1. Treede RD, Jensen TS, Campbell JN, Cruccu G, Dostrovsky JO, Griffin JW, Hansson P, Hughes R, Nurmikko T, Serra J. Neuropathic pain: redefinition and a grading system for clinical and research purposes. Neurology, 2008; 70(18): 1630-35.
  2. Bouhassira D, Attal N, Alchaar H, Boureau F, Brochet B, Bruxelle J, Cunin G, Fermanian J, Ginies P, Grun-Overdyking A, Jafari-Schluep H, Lantéri-Minet M,Laurent B, Mick G, Serrie A, Valade D, Vicaut E. Comparison of pain syndromes associated with nervous or somatic lesions and development of a new neuropathic pain diagnostic questionnaire (DN4). Pain, 2005; 114(1-2): 29-36.
  3. Haroutounian S, Nikolajsen L, Bendtsen TF, Finnerup NB, Kristensen AD, Hasselstrøm JB, Jensen TS (2014). Primary afferent input critical for maintaining spontaneous pain in peripheral neuropathy. Pain, 155 (7), 1272-9
  4. Medical Author:fckLRDanette C. Taylor, DO, MS, FACN fckLRMedical Editor:fckLRCharles Patrick Davis, MD, PhD
  5. 5.0 5.1 5.2 5.3 Dr. Mary Car-Blanchard, OTD/OTR/L and the following editorial advisors: Steve Meadows, MD, Ernie F. Soto, DDS, Ronald J. Glatzer, MD, Jonathan Rosenberg, MD, Christopher M. Nolte, MD, David Ap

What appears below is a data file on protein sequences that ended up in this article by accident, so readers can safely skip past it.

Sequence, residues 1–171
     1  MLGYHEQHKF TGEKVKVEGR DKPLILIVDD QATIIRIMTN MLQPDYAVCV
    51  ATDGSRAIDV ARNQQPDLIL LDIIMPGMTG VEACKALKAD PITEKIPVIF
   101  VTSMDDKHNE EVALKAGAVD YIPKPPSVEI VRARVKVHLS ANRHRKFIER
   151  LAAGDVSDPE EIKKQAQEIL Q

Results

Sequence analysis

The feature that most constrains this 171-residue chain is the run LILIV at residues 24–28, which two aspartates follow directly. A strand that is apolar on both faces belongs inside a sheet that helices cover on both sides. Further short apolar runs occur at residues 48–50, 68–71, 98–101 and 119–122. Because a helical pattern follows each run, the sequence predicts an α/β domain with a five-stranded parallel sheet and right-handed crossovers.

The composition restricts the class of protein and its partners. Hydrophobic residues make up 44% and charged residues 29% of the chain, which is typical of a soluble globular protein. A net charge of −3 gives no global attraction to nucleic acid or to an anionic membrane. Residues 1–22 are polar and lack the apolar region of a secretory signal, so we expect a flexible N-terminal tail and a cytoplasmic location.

6. Dr. Mary Car-Blanchard, OTD/OTR/L and the following editorial advisors: Steve Meadows, MD, Ernie F. Soto, DDS, Ronald J. Glatzer, MD, Jonathan Rosenberg, MD, Christopher M. Nolte, MD, David Ap
  7. 7.0 7.1 7.2 7.3 7.4 http://www.acnr.co.uk/pdfs/volume3issue2/v3i2reviewart1.pdf
  8. Transdermal Therapeutics Inc. Neuropathic Pain. Available from: https://www.youtube.com/watch?v=CUH7RTus880
  9. NeuPSIG guidelines on neuropathic pain assessmentfckLRfckLRMaija Haanpääa, b, , , Nadine Attalc, d, Miroslav Backonjae, Ralf Baronf, Michael Bennettg, Didier Bouhassirac, d, Giorgio Cruccuh, Per Hanssoni, Jennifer A. Haythornthwaitej, Gian Domenico Iannettik, Troels S. Jensenl
  10. Adapted from Treede RD, Jensen TS, Campbell JN, et al. Neuropathic pain: redefinition and a grading system for clinical and research purposes. Neurology 2008;70:1630–5
  11. Bouhassira D, Attal N, Alchaar H, et al. "Comparison of pain syndromes associated with nervous or somatic lesions and development of a new neuropathic pain diagnostic questionnaire (DN4)." P
  12. 12.0 12.1 http://www.webmd.com/pain-management/guide/neuropathic-pain
  13. http://www.webmd.com/pain-management/guide/neuropathic-pain
  14. 14.0 14.1 http://www.omicsonline.org/physical-therapy-modalities-and-rehabilitation-techniques-in-the-treatment-of-neuropathic-pain-jpmr.1000124.pdf
  15. 15.0 15.1 Physical Therapy for Pain ManagementfckLRBy Diana Rodriguez | Medically reviewed by Pat F. Bass III, MD, MPH
  16. Majithia N, Loprinzi CL, Smith TJ.New Practical Approaches to Chemotherapy-Induced Neuropathic Pain: Prevention, Assessment, and Treatment. Oncology (Williston Park). 2016 Nov 15;30(11)
  17. Kami K, Tajima F, Senba E. Exercise-induced hypoalgesia: potential mechanisms in animal models of neuropathic pain. Anat Sci Int. 2016 Aug 2. [Epub ahead of print]
  18. Andrade AL, Bossini PS, Parizotto NA. Use of low level laser therapy to control neuropathic pain: A systematic review. J Photochem Photobiol B. 2016 Nov;164:36-42.
  19. Victoria Pain Specialists. Neuropathic Pain.